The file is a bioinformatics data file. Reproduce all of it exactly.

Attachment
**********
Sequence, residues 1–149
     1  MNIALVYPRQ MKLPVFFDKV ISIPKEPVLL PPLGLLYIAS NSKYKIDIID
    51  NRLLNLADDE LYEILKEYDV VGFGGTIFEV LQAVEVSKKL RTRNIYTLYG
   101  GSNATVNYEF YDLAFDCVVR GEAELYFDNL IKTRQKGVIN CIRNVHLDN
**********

Sequence, residues 1–149
     1  MNIALVYPRQ MKLPVFFDKV ISIPKEPVLL PPLGLLYIAS NSKYKIDIID
    51  NRLLNLADDE LYEILKEYDV VGFGGTIFEV LQAVEVSKKL RTRNIYTLYG
   101  GSNATVNYEF YDLAFDCVVR GEAELYFDNL IKTRQKGVIN CIRNVHLDN